US surgeon general warns of teen risks from e-cigarettes

Henrietta Brewer
December 21, 2018

NewscomToday Surgeon General Jerome Adams issued an advisory that urges state and local governments to fight "the epidemic of youth e-cigarette use" by "implementing price policies" and banning indoor vaping.

"We have never seen use of any substance by America's young people rise this rapidly", Health and Human Services Secretary Alex Azar said at the briefing. "Nicotine exposure during adolescence and young adulthood can cause addiction and harm the developing brain". Health professionals should ask about e-cigarettes when screening patients for tobacco use, the advisory said.

Adams says parents should be vigilant and look for signs that teens are using e-cigarettes.


"There is an epidemic of use of e-cigarettes going - a 78 percent increase in high schoolers using these products in just the past year", Adams said.

Separate survey results released Monday showed twice as many high school students used e-cigarettes this year compared to last year. "We are committed to preventing youth access of JUUL products". One major advantage of e-cigarettes, in addition to a dramatic reduction in risk, is that they cost substantially less per dose than the combustible kind. Even more worrisome, a growing body of research suggests that teens who vape are more likely to try regular cigarettes. He links to an FDA "fact sheet" that claims the "e-cigarette use surge" led to an "uptick in overall tobacco use" by teenagers, as if vaping and smoking are interchangeable from a public health perspective.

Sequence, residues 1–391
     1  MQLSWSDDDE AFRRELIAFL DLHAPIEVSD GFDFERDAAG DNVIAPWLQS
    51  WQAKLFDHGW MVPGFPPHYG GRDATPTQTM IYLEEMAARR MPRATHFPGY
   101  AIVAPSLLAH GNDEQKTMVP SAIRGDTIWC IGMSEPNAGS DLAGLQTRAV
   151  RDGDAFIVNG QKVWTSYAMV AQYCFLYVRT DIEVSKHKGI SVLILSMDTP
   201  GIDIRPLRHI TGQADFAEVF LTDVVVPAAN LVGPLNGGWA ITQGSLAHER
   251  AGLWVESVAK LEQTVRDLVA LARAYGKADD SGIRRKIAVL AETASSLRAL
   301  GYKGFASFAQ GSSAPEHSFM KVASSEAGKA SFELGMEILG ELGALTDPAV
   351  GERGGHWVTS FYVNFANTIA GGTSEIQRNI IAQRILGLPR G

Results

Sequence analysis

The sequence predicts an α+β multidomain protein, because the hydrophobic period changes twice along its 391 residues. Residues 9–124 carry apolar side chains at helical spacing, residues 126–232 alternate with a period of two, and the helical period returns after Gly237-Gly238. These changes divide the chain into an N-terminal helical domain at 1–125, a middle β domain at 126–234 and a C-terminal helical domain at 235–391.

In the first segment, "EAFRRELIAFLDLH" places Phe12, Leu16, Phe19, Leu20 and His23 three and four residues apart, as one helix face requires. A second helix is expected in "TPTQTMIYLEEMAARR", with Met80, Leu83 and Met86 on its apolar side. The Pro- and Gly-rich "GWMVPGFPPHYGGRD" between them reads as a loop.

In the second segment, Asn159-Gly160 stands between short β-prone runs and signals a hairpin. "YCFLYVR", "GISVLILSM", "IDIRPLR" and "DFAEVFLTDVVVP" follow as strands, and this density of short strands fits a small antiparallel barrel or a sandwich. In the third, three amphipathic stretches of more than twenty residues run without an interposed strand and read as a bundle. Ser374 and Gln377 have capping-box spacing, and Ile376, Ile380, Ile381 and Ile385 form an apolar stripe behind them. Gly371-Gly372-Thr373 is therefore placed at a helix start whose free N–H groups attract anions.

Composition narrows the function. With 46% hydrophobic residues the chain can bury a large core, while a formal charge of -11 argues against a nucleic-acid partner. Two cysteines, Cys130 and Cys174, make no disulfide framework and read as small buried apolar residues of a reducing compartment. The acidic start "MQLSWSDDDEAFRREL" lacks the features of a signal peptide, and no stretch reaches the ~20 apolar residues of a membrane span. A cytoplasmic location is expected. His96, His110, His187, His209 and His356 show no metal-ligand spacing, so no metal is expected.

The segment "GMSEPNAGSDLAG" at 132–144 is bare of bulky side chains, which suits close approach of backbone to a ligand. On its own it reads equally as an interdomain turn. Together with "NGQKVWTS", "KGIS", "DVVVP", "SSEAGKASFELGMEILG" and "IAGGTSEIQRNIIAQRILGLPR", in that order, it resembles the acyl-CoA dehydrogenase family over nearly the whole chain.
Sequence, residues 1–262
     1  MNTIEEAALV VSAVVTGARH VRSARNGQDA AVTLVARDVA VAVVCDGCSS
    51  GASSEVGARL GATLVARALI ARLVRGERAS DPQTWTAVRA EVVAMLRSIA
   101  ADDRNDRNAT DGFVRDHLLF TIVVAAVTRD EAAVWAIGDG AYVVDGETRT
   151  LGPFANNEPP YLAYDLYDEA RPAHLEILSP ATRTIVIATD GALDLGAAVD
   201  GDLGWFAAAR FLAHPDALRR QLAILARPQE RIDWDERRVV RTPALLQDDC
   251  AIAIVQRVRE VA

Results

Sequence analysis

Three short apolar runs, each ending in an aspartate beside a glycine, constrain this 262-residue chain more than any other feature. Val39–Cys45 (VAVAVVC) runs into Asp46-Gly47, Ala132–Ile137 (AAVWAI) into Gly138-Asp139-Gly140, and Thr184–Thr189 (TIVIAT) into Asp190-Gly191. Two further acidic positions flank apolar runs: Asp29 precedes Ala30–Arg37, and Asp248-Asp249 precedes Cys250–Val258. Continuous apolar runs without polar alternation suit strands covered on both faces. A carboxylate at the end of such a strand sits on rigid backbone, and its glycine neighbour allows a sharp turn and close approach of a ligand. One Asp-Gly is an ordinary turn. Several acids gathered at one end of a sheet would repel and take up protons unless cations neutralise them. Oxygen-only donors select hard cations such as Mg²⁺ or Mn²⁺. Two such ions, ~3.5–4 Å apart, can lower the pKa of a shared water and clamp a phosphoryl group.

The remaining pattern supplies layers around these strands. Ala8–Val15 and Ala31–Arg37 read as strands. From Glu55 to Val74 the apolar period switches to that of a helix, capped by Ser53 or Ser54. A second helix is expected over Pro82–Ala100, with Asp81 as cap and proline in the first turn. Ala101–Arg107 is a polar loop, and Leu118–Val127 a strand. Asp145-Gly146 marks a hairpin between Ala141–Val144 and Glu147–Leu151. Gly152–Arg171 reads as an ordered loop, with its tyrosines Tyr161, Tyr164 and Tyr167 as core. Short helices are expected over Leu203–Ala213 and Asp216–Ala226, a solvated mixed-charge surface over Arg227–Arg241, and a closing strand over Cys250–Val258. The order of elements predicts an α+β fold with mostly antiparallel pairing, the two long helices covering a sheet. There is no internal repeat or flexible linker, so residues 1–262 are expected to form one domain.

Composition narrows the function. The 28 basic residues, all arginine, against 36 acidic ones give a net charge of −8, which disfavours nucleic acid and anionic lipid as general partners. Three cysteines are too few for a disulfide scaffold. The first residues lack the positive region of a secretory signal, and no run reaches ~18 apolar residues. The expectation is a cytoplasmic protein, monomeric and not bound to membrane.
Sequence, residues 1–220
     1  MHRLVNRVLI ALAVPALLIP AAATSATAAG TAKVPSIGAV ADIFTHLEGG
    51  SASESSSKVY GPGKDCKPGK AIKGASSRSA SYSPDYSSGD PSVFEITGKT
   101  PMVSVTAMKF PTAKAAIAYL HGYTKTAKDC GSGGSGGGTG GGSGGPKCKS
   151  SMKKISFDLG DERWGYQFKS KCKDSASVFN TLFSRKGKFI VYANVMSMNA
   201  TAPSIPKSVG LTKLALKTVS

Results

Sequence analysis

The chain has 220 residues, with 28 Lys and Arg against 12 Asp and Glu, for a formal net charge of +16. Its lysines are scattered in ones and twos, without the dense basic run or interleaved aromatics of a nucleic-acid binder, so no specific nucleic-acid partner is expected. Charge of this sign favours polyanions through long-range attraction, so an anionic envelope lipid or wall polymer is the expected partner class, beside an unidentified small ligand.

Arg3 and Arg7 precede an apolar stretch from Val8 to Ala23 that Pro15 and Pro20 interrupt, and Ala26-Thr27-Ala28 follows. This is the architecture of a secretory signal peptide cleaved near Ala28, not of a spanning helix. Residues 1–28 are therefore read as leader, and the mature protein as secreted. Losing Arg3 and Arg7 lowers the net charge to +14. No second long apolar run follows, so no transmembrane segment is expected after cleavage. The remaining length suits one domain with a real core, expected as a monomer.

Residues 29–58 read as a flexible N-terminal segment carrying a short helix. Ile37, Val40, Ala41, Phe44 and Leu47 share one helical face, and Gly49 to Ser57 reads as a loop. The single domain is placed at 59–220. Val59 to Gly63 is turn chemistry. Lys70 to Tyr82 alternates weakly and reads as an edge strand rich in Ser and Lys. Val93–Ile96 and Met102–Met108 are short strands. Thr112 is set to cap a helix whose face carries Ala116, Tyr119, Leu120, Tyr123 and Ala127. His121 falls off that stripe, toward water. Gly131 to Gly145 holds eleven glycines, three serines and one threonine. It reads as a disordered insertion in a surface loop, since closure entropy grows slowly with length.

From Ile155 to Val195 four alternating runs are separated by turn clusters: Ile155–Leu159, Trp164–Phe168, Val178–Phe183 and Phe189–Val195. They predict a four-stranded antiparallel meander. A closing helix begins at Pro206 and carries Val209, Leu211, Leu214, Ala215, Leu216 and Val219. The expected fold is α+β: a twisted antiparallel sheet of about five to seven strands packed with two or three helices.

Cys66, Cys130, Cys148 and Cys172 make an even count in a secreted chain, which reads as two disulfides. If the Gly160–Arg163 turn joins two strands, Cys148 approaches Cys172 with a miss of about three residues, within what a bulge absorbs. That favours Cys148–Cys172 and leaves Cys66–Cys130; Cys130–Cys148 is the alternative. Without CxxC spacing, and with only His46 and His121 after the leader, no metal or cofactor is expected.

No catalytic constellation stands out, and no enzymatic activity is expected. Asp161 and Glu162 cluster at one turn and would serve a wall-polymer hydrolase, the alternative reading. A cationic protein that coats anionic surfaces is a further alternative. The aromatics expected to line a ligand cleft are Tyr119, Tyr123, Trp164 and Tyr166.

Mr Adams singled out Juul, a Silicon Valley company, which has come to dominate the e-cigarette market with devices featuring flavours like mango and cucumber.


Numerous devices used to consume e-cigarette products attract teens because they're easy to hide. Even if e-cigarettes are healthier than regular cigarettes, one cartridge still contains about as much nicotine as a pack of 20 regular cigarettes, making it particularly unsafe for the bodies of developing youth.

"We do know that these newer products, such as Juul, can promote dependence in just a few uses", Adams said. The company has rolled out an age-verification system for its products and also offered to rein in sales of flavored vaping devices popular with younger consumers, including mango, creme and cucumber. A recent analysis in the journal Tobacco Control, based on data from five national surveys, found that downward trends in smoking by teenagers and young adults accelerated as e-cigarette use in those groups took off.

This story was reported by The Associated Press.


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